Artists’ Session with Guido Palau and Josh Wood

Palau, left, with Wood

Calling Guido Palau (@guidopalau) a hair visionary is an understatement. The gifted artist juggles everything from fashioning coifs for major ad campaigns and powerhouse publications to crafting style statements on more than 100 runways. 

Guido Palau brings his expressive style backstage at spring 2018 Dolce & Gabbana fashion show.

Equally talented, Josh Wood (@joshwoodcolour) is arguably one of the most influential colorists in the world. In addition to elevating color on the catwalks, Wood has pioneered game-changing techniques such as hyper-natural, making gray OK and surf-kissed, all of which have left an indelible mark on the international beauty scene.

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The consummate colorist, Josh Wood perfects one of his signature techniques

Josh Wood: Guido, we’ve both been in the industry for a number of years—I got my start working at Vidal Sassoon in Leeds and my first big break was working with David Bowie. How did you get your start? What was your first career breakthrough, and how has your career changed since then?  

Guido Palau: My career breakthrough came when I worked on the George Michael “Freedom! ’90” video. Looking back, it was such a huge shift from where I was. From that point on, my career took off. I’ve been lucky. 


JW: One of the biggest challenges I’ve faced is keeping ahead of the curve, staying inspired and being able to share that inspiration. Have you ever felt particularly challenged or defeated in your career, and how did you overcome it?

GP: Constantly! You’ve got to keep soldiering on, finding inspiration and challenging yourself. As with anything, if you’re feeling a bit deflated, you must tap into that inner self and push yourself. When you’ve had a long career, that’s how you achieve it. It’s not all smooth sailing. You can’t rest on past glories. You have to keep going and recognize that you’re not always going to feel 100-percent inspired. But, there is always something that I find in myself that pushes me forward. You must look for that.


JW: What advice would you give to an aspiring stylist? 

GP: Be true to yourself. Don’t take criticism personally. Go with your madness.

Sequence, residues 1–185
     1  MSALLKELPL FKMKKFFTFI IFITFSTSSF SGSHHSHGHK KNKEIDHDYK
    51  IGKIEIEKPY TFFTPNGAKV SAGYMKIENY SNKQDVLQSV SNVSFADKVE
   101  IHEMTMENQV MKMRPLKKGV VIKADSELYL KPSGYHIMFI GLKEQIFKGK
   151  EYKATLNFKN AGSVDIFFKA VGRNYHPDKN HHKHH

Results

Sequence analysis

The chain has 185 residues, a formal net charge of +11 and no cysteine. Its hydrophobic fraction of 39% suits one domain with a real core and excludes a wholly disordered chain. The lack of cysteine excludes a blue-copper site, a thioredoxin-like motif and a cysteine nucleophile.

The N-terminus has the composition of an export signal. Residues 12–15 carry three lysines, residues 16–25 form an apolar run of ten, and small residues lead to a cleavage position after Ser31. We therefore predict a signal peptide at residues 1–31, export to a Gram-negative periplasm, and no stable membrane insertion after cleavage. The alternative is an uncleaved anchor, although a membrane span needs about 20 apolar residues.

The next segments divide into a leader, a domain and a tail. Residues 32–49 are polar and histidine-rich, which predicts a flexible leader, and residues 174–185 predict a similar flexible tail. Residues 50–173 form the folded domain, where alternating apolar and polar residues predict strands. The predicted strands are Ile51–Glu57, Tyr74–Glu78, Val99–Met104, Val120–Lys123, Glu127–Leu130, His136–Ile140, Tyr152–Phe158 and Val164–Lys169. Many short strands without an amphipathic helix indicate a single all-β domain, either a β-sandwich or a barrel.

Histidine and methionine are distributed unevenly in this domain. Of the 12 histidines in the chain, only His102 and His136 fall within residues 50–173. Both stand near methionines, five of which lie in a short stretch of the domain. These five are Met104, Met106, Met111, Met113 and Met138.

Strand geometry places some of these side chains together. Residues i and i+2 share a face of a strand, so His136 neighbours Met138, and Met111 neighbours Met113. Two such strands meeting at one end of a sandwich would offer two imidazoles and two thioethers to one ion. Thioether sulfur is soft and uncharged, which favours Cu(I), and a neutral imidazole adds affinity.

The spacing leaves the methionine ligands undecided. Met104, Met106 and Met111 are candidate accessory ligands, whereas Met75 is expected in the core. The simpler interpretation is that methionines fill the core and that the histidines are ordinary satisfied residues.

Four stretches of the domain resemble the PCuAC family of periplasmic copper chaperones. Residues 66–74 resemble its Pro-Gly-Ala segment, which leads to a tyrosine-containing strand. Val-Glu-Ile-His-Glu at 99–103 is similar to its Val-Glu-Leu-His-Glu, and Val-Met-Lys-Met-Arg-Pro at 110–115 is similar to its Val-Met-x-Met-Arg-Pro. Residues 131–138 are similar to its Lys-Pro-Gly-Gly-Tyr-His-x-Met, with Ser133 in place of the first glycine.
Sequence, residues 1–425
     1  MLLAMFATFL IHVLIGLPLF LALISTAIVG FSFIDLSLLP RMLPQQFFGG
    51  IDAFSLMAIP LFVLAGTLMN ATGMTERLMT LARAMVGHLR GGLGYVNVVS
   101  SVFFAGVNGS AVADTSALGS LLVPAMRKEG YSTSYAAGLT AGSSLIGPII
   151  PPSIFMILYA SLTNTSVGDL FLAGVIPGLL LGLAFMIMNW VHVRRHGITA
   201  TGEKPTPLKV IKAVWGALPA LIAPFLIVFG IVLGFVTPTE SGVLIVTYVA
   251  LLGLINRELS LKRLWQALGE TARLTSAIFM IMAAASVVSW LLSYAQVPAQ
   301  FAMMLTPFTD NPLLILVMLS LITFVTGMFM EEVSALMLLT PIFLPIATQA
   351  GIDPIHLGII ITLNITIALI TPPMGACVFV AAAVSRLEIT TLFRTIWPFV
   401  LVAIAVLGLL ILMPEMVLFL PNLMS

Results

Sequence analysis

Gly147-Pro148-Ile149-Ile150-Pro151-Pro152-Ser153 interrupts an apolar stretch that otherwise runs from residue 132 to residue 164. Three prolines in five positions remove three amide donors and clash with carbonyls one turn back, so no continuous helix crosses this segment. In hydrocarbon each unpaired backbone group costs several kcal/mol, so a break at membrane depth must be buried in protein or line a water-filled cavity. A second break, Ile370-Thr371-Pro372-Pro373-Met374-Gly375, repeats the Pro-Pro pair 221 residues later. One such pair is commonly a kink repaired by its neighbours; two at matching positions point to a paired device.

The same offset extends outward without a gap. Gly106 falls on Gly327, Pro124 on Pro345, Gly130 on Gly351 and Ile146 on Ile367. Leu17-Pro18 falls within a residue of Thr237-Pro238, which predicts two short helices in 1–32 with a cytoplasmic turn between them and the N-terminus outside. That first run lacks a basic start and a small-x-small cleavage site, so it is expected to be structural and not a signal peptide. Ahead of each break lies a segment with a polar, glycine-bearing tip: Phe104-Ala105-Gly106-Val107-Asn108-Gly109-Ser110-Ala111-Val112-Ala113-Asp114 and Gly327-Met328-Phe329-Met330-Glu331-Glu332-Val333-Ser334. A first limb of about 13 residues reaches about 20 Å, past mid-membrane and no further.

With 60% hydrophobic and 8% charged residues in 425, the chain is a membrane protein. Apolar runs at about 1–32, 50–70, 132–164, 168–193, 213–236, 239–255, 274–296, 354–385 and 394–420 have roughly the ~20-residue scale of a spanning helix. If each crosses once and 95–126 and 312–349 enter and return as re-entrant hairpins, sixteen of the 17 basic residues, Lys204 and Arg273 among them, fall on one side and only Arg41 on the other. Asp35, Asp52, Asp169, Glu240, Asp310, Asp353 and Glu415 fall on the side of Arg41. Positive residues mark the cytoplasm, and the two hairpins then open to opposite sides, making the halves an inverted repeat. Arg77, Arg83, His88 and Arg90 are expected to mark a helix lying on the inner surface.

JW: I find inspiration for my work all around me but art is a constant catalyst. Where do you look for creative inspiration?

GP: The streets have always been a huge influence on me; how real people wear their hair and how youth culture appropriates its style remain big inspirations.


JW:  Between photo shoots and fashion weeks, we are both traveling frequently. I’m based in London, but my favorite cities to visit are Mumbai and New York City, where you’re based. What’s your favorite city to visit, for work or fun? 

GP: I always love Paris. I also love the West Coast.


JW: We’ve worked together on several campaigns and runway shows. One of my favorite things we’ve done together is Prada. How do you see haircolor evolving at Fashion Week in the coming seasons?

GP: At the moment, hair is about celebrating models’ individuality. I hope that will influence real people to celebrate their own naturalness and their own beauty. We’re at a really pivotal point in terms of beauty and inclusion, which is very exciting for both men and women.


JW: I began my role as Redken’s global color creative director last year, and I’m already a huge fan of City Beats and the new Shades EQ Pastels. You’ve been the brand’s global creative director for 13 years. What are your go-to Redken products?

GP:  My favorites are Triple Take 32, Wind Blown 05 and Shine Flash 02.


JW: What would you say are the most important lessons—in life and behind the chair—that you’ve learned over the course of your career?

GP:  Stay true to yourself, keep your eyes open and continue learning. Never feel that you’ve reached your peak. Keep striving for more.

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